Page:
Batman and Aquaman #29
Written by Peter Tomasi
Pencils by Patrick Gleason
Published by DC Comics
Release Date: March 19, 2014
Something has been been brewing with Batman, as we follow up to last month’s cliffhanger in Batman and Two-Face in this week’s issue of Batman and Aquaman #29: The Hunt For Robin. Gotham’s Dark Knight sets out to discover why the dead bodies of Talia Al Ghul and his son Damien were exhumed from his cemetery. The underwater King of the seven seas coincidentally encounters Batman as he investigates high pitched whale screams eminating from the area. With Batman and Aquaman now in hot pursuit of Ra’s Al Ghul, who wants to bet that these two seemingly seperate instances might have something in common?
What has been amazing and applause-worthy for this title is how even in the wake of writer Grant Morrison killing off his creation Damien within the DC universe, writer Peter Tomasi and penciller Patrick Gleason have still found gracefully intriguing ways to tell stories in the absence of the title character. There has been and an incredible amount of authenticity to the subject matter issue to issue since DC’s Requiem, to the point of having Batman experience the Kubler Ross model of the five stages of depression and present entire issues based on each of the particular stages.
Why bring this up for issue #29? It’s worth mentioning because that same care and attention is used in this issue. The thought and direction are so wistfully applied inside the panels and amongst the high stakes gaudiness of superheroics that if you blink, you could miss it. Tomasi tactfully crafts and weaves his story here with precision. The dialogue between the characters masterfully outlines their intentions while still staying true to their personalities; Aquaman sounds like Aquaman, Batman sounds like Batman, and Ra’s Al Ghul sounds like Ra’s Al Ghul. Of course, Tomasi keeps his usually smart sensibilities of tone and demeanor throughout.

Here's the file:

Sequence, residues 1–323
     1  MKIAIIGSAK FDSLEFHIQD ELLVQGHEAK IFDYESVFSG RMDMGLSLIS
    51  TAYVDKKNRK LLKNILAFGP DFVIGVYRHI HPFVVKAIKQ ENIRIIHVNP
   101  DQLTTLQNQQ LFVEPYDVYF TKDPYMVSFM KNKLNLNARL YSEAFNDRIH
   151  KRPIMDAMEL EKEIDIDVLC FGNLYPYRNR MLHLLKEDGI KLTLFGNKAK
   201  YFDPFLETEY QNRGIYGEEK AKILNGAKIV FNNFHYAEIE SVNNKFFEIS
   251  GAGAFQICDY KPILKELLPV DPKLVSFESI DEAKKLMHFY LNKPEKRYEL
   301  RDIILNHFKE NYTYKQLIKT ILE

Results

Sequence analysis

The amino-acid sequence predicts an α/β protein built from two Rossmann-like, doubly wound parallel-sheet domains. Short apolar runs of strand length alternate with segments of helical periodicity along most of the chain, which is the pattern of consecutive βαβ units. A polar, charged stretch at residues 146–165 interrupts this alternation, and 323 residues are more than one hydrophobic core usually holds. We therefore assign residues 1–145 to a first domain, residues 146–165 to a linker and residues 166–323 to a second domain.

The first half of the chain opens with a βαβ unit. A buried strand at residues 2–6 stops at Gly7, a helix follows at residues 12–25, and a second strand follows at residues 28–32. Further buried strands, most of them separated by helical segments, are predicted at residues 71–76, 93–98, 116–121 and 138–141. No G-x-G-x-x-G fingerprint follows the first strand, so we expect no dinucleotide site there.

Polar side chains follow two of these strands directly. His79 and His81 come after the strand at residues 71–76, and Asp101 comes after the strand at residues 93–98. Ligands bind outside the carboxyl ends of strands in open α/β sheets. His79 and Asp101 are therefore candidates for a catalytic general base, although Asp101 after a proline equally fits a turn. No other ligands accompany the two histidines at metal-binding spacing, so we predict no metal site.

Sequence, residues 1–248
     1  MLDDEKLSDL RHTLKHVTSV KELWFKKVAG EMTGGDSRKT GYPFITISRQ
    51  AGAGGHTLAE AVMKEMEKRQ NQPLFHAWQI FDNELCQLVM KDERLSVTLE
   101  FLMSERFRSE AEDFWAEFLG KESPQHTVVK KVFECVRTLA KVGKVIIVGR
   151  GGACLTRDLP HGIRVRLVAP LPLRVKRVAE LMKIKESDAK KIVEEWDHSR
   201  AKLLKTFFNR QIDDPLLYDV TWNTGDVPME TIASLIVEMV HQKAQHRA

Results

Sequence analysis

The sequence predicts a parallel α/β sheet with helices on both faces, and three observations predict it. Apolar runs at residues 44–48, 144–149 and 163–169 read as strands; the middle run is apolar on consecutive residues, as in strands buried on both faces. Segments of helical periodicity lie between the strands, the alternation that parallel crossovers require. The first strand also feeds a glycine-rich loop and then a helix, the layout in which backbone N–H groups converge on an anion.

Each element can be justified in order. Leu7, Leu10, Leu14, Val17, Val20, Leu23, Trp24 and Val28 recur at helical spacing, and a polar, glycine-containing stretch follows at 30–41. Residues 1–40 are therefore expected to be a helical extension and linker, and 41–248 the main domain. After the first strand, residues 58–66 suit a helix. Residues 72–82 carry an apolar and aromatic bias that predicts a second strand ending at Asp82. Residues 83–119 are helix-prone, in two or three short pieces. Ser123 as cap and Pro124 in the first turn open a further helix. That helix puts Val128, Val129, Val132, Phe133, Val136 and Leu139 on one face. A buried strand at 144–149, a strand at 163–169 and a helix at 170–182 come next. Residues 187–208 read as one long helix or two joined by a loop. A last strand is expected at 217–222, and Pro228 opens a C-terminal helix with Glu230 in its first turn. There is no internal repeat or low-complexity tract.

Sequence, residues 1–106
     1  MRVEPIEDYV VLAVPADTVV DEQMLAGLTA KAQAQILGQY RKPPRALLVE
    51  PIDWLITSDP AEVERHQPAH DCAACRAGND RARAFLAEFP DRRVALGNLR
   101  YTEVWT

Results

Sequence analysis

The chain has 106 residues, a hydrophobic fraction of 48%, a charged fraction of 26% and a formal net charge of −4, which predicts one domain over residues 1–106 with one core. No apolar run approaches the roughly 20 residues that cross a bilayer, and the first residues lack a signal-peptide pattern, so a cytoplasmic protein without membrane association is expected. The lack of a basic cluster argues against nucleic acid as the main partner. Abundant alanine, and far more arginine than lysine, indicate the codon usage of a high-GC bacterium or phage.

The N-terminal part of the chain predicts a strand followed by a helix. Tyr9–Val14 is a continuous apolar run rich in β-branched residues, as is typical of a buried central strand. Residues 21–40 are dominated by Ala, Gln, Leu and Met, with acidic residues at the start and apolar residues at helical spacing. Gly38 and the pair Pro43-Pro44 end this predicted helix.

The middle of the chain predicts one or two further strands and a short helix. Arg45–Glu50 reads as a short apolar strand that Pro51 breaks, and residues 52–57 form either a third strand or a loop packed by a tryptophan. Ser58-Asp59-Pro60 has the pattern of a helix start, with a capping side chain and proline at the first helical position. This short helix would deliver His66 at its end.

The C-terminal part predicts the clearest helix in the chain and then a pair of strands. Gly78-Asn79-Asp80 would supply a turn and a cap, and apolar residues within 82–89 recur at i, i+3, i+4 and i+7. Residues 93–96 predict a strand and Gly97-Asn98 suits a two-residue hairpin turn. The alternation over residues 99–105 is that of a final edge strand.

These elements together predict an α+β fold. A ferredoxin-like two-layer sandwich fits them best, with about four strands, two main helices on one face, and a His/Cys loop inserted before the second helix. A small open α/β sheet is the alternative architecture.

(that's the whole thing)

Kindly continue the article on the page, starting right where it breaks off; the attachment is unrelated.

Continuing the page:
While this issue is able to masterfully evade being ostensibly pigeon-holed into your typical evil scientist story by the magnitude of the characters and premise, the art is the masterpiece that this issue can be celebrated for. Penciller Patrick Gleason delivers visually arresting panels on every single page.
Every. Single. Page.
Whether it is splash pages of a gigantic leviathan soaring toward the sky and freakish mutations, or panels of a square-jawed Aquaman losing his eyes from the shadows cast upon his face, or even page arrangements of Batman bloodily fighting his way through henchmen in the absence of any word balloons, gutters, or captions, it commands your attention and impolitely asks you to pay attention. The combination of inks from Mick Gray, Mark Irwin, and Norm Rapmund alongside colorist John Kalisz has been nearly pitch perfect for Gleason’s pencils in this issue.
Tomasi and Gleason have a clear direction that they share with their audience in this issue and upon finishing it, you will salivate for the next issue and arc. Damien and Batman fans alike that May have been led astray from boggled events and monetary sacrifices, should definitely jump on at this point so that they don’t miss out when this storyline reaches it’s peak.
The Verdict: 9.0/10